Square Enix - Tested on the Nintendo Switch in 2018
When Tokyo RPG factory released their first game, I Am Setsuna, they could not expect how successful it might be. But as it turned out to be, players liked the game and so the team began working on another game.
Lost Sphear is not connected to its predecessor, but shares some similarities. The ATB combat is back, also the momentum based game system, this time with a different name. Ironically, when a "momentum" move defeats an enemy, the game calls this a "Setsuna kill". It also looks and sounds very similar to Setsuna, but tries to deliver so much more.
The story is again reminiscent of older RPGs. You start with Kanata, a young boy that lives in a world which is slowly falling apart in nothingness where people, animals, plants and even whole towns start to disappear. Together with his childhood friends of Lumina and Locke (hey, Final Fantasy VI anyone?) he embarks on a mission to revive his hometown. And somehow, Kanata finds out that he has the powers to restore lost memories.
The leaders of the country that Kanata and his friends live in also search for ways to stop these disappearances. Fearing that their country might fade away, they frantically try everything that might help in that regard. They partner with Kanata and his mysterious powers, but eventually try to find other solutions which leads our hero's group to oppose the empire. Now it's both the fading world and a merciless empire our friends have to fight.
The story is a bit easy to foresee, but it has its moments and likeable characters, even if they seem to be stereotypical. Overall, it's filled with memories of older games, in that regard Lost Sphear does the same good job its predecessor did.
The visuals seem to utilize the same engine like I Am Setsuna. On the plus side, now the scenery is not limited to a wintery landscape. Lost Sphear plays in a world where you travel autumn woods, salt lakes, deserts and lush green lands. Often it is very pleasing, some areas (like the desert for instance) look quite dull.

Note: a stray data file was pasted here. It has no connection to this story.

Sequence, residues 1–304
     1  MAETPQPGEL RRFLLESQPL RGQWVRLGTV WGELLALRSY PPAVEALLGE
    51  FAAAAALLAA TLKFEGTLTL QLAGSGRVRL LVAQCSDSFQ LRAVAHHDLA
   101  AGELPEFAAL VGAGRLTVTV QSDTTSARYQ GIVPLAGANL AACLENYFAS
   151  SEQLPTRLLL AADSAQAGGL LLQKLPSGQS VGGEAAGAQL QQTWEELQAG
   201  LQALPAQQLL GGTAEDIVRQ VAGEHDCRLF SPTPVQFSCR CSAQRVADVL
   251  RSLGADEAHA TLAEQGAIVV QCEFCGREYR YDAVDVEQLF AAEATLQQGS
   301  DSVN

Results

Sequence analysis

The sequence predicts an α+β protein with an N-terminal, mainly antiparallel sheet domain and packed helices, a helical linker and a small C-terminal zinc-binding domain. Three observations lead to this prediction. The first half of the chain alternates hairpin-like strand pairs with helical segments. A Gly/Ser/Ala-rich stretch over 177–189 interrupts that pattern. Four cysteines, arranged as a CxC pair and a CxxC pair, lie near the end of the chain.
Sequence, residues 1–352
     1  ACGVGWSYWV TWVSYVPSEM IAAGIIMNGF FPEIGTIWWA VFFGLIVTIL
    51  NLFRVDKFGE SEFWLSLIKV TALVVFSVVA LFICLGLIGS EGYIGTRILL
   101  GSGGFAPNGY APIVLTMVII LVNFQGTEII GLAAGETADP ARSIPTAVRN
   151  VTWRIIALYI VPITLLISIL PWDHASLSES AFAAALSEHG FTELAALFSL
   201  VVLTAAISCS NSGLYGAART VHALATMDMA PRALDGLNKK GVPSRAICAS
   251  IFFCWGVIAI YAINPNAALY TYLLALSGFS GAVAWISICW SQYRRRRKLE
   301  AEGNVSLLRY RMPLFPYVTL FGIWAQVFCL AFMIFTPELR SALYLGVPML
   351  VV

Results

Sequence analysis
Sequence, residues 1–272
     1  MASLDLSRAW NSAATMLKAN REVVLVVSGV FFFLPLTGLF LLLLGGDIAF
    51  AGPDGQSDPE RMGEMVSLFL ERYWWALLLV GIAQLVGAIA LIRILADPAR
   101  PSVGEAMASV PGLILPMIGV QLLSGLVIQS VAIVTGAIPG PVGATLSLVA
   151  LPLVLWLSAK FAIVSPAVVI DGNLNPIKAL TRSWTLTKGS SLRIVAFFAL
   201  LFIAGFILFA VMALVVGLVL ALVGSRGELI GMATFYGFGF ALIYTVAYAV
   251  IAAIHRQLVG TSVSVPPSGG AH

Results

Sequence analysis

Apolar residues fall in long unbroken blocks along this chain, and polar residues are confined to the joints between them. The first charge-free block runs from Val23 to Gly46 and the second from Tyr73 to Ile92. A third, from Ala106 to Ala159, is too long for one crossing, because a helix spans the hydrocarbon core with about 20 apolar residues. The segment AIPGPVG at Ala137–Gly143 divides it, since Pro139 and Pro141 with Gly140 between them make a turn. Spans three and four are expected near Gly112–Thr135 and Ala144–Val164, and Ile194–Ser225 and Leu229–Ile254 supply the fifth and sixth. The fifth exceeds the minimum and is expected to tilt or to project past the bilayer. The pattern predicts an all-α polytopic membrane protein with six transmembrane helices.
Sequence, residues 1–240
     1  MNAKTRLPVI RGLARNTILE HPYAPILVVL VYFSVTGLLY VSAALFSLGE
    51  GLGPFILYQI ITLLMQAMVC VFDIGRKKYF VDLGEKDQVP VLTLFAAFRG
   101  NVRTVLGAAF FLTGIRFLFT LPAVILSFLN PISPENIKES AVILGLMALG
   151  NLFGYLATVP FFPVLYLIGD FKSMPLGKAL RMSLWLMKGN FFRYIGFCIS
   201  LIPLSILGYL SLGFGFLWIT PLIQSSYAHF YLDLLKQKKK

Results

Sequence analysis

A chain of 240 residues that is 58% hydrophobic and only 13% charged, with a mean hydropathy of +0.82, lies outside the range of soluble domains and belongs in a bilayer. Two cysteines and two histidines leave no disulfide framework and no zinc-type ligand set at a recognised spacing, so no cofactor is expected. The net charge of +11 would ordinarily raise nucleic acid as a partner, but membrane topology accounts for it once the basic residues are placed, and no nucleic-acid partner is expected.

The soundtrack also has more variety. Where I Am Setsuna was limited to piano tunes, Lost Sphear offers many great melodies, once more done by the same musician, Tomoko Miyoshi. It's like mentioned before: Some melodies are great and touchy, some battle themes are really enjoyable, but some tunes are bland and a bit forgettable.
The game system tries to give you so much to do. There are inns and shops where you can buy spritnite to upgrade skills, you can buy armor and upgrade them with materials, you can fight battles as humans or in mech-like armors called Vulcosuits, you can combine abilities and raise stat changing artifacts all over the worldmap in order to change battle conditions to your favor.
It's too much where it needn't be. There is no good reason for the Vulcosuits to exist, and the artifacts make things overly complicated with some descriptions leading into wrong assumptions and strange battle results (like taking damage if the enemy has a strong resistance against certain attacks).
The biggest fault of Lost Sphear, however, is its imbalance. Where Setsuna only showed a glimpse of an uneven difficulty curve, Lost Sphear seems to be almost crazy. There are dungeons with easy enemies and bosses that instantly kill you. Often enough, bosses require a very specific skill set that will cost you lots of money if you didn't think you needed those skills or wanted your characters to behave differently.
However, the game always rewards you with a well written script, nice cutscenes and hours of play after the official ending.
Lost Sphear is a mixed bag. The developers made this game with love, and it's clearly visible that they had lots of fun making it. They tried to give the players everything that was strong in old RPGs, but they somehow missed to balance it out just right. Sadly, sales were quite poor, so let's all hope that the guys of Tokyo RPG factory have another chance to create one of their lovable games.